A change in offensive philosophy, coupled with a massive overhaul at wide receiver, will result in a new and radical approach for the New York Jets.
Are you ready for this?
They're planning to acknowledge the existence of the tight-end position. Yes, really. Not only will they throw the ball in that direction, but they may actually lean on tight ends in the passing game.
Holy Gronkowski, Batman! (Sorry, I had the late Adam West on the brain.)
Now that Eric Decker is officially a goner, released Monday after six days of futile trade talks, the Jets' top wide receivers are Quincy Enunwa (80 career catches), Robby Anderson (42) and Charone Peake (19). Their draft pedigrees: Sixth round, free agent and seventh round, respectively. Rookies ArDarius Stewart and Chad Hansen also are expected to contribute.
The group contains some intriguing upside, but it has to be the youngest receiving corps in the NFL -- and that will only exacerbate the growing pains of Christian Hackenberg when he inevitably gets a shot at quarterback. It was a short-sighted decision to release Decker, their most accomplished receiver, but we've been over that and what's done is done.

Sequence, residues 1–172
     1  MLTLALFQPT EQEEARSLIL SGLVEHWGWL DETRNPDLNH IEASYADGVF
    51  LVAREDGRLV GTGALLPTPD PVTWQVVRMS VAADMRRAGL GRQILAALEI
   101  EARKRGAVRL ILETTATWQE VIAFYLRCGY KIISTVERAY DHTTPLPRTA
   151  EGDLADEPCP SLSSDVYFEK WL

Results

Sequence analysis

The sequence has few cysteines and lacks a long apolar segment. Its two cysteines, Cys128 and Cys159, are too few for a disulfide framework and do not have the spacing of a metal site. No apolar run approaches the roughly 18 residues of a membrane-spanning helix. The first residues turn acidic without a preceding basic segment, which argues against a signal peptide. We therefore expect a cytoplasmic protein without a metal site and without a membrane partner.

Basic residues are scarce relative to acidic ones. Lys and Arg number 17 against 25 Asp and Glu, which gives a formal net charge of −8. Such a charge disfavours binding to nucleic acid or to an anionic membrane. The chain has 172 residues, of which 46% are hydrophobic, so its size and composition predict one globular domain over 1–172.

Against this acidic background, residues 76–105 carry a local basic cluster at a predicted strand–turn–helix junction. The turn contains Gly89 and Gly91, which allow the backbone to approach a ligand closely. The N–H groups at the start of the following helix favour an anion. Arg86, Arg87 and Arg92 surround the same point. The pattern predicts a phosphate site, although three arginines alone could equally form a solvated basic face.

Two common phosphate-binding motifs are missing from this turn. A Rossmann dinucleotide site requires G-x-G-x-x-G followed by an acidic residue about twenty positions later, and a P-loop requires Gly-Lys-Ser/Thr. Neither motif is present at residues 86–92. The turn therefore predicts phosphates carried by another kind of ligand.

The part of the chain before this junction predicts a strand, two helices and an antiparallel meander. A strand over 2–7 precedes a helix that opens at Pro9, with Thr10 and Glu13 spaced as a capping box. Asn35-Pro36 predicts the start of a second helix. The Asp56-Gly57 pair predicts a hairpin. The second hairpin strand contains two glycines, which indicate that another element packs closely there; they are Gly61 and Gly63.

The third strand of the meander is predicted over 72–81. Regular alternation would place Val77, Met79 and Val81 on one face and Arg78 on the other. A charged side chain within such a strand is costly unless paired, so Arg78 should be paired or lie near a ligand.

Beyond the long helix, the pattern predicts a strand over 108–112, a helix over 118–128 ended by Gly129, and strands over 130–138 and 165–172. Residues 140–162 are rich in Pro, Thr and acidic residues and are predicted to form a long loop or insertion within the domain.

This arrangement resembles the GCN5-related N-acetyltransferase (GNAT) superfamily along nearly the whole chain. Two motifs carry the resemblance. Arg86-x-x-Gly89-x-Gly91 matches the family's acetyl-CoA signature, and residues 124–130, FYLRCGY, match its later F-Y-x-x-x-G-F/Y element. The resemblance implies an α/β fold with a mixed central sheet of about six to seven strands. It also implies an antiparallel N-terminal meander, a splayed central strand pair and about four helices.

The question is, how do they move forward?
Unlike Chan Gailey, who used a four-receiver, one-back base offense, new coordinator John Morton will mix up his personnel packages, relying less on his green receivers and more on his tight ends. Let's be clear: They don't have any safe bets at tight end, either, but they like what they've seen from Austin Seferian-Jenkins, who has a chance to revive his career. He went to rehab to address a drinking problem, dropped 25 pounds and looked terrific in the 10 OTA practices. The final phase of the offseason begins Tuesday with a three-day minicamp.
They also have fifth-round pick Jordan Leggett, who, like Seferian-Jenkins, is a pass-catching tight end who fits Morton's West Coast scheme. Leggett has been coming along slowly, but he has the size and athletic traits to become a factor in the passing game.
My, how times have changed. Previously, the Jets treated their tight ends like offensive linemen. In 2015 and 2016, their tight ends made only 26 receptions, 71 fewer than the next-closest team. It goes back further. Since 2009, they've produced a league-low 404 receptions from the tight ends.
But now Decker and Brandon Marshall are gone, and the entire dynamic has changed. As Seferian-Jenkins told me a couple of weeks ago, "I think I had 19 targets all of last season. I've already had 19 in a few practices."
Get used to it.